Libertarianism Wiki
Liberal Party
Frjálslyndi flokkurinn
Chairperson Sigurjón Þórðarson
Vice-chairperson Ásta Hafberg
Founded 28, 1998 (1998-11-28)
Merger of New Force
Split from Independence Party
Headquarters Lyngháls 3,
110 Reykjavík
Ideology Template:Ubl
Political position Centre-right[1]
Colours Blue, White
Seats in the parliament Template:Composition bar

The Liberal Party (Frjálslyndi flokkurinn) is a centre-right conservative liberal political party in Iceland. It has no seats in the Althing, having lost its four seats at the 2009 election.

The Liberal Party was founded by former Independence Party MP Sverrir Hermannsson in 1998. It was founded primarily in opposition to the fishing quota, and became a protest vote.[2] In the following year's election, the party won two seats out of 63. This climbed to four in 2003: a level that was maintained at the 2007 election. However, the party lost all its parliamentary representation in 2009, after a financial crisis hit the country.

The party is a strong supporter of the free market, against subsidies and monopolies, and in favour of civil liberties.[2] It is oriented particularly towards the fishing industry.[3] The party chairman is Sigurjón Þórðarson.


The Liberal Party was founded by Sverrir Hermannsson, a former MP of the Independence Party and CEO of Landsbanki, in November 1998.

In 2006/7, the minor New Force party merged into the Liberal Party, which caused the prominent Liberal Party member Margrét Sverrisdóttir to leave the party and join the Icelandic Movement - Living Land, threatening to split the Liberal Party.[4][5]

The party has, before the 2007 parliament elections, moved from being primarily focused on issues of fishing quotas and small fishing communities toward immigration. It is the only political party in Iceland that supports strict restrictions on immigration, and consequently the party has been accused of xenophobia.Template:Citation needed The party conducted a members' poll in January 2009 in order to determine its EU stance. The outcome was against EU-accession of Iceland. The party supports strict neutrality.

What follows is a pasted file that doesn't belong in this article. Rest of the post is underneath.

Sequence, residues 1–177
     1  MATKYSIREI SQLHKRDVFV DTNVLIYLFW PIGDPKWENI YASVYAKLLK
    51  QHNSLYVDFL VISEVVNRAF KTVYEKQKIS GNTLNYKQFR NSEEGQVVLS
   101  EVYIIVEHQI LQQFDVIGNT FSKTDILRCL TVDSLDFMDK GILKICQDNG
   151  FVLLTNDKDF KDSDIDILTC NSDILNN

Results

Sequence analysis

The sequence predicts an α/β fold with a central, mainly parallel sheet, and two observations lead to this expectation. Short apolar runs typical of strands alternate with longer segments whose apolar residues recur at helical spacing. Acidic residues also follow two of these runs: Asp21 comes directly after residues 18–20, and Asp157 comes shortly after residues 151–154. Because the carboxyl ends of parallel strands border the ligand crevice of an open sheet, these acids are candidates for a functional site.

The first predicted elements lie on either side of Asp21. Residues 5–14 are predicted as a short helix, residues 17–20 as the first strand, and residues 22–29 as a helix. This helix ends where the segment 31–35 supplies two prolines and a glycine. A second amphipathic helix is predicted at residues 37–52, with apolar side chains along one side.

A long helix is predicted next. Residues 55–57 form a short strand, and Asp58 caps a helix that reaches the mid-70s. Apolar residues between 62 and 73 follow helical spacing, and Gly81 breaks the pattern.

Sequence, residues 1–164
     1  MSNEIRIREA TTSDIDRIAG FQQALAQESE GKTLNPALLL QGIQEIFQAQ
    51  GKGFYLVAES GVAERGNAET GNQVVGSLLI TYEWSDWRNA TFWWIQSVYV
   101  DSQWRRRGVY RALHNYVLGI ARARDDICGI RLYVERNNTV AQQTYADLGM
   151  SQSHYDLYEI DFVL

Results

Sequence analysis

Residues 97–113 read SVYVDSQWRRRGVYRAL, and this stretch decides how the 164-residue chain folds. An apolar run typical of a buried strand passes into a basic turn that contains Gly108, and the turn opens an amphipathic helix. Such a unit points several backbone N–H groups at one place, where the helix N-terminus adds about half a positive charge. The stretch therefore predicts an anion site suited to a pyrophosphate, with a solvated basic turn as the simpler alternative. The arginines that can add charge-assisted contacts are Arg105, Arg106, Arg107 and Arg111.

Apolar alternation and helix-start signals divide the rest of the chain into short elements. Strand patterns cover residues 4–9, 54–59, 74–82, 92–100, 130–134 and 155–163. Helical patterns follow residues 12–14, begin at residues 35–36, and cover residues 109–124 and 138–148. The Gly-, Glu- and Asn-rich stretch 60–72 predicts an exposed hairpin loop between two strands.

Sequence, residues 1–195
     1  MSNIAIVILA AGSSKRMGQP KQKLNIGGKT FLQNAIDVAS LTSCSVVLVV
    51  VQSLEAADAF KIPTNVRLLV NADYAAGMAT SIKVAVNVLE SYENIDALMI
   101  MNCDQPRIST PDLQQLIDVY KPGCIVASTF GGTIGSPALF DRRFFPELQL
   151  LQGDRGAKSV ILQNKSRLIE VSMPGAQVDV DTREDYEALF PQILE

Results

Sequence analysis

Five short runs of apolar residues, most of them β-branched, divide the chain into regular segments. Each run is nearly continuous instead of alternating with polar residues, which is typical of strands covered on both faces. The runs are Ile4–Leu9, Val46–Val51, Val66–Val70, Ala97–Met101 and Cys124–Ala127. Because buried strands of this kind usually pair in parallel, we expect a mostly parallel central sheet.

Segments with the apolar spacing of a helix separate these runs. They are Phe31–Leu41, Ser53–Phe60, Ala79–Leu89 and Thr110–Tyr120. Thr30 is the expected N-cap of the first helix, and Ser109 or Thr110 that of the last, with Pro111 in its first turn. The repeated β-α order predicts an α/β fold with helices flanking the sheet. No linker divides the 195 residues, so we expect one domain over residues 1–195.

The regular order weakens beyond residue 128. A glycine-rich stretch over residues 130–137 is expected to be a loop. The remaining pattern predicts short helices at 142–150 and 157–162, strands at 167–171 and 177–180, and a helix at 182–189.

In February 2009, two of the Liberal Party's parliamentarians left the party; Jón Magnússon joined the Independence Party and Kristinn H. Gunnarsson joined the Progressive Party.


Fishing quotas[]



The Liberal Party of Iceland is against unrestricted immigration and wishes to tighten these laws.Template:Citation needed

Foreign policy[]

Template:See also The Liberal Party is against the idea of Iceland joining the European Union. The party's stance was decided in a party members' poll which was conducted in December 2008. The question was: Should Iceland seek EU-membership?. The results were published in January 2009 with 51.6% being against EU-accession, 34.8% in favour and 9.5% undecided.[6]

The party supports Iceland's membership of NATO, but was firmly opposed to the U.S. invasion and occupation of Iraq.

Election results[]

Election Votes Vote % Seats Place
1999 6,919 Template:Steady 4.2 Template:Steady Template:Composition bar 5th Template:Steady
2003 13,523 Template:Increase 7.4 Template:Increase Template:Composition bar 5th Template:Steady
2007 13,233 Template:Decrease 7.3 Template:Decrease Template:Composition bar 5th Template:Steady
2009 4,148 Template:Decrease 2.2 Template:Decrease Template:Composition bar 6th Template:Decrease



  • Sverrir Hermannsson, 1998–2003
  • Guðjón Arnar Kristjánsson, 2003–2010
  • Sigurjón Þórðarson, 2010–


  • Gunnar Ingi Gunnarsson, 1998–2003
  • Magnús Þór Hafsteinsson, 2003–2009
  • Ásgerður Flosadóttir 2009
  • Kolbrún Stefánsdóttir, 2009–2010
  • Ásta Hafberg, 2010–

See also[]

  • Politics of Iceland
  • Liberalism and centrism in Iceland
  • Liberalism
  • Liberal democracy
  • Contributions to liberal theory
  • Political parties


External links[]

This page uses Creative Commons Licensed content from Wikipedia (view authors).

Template:Parties of Iceland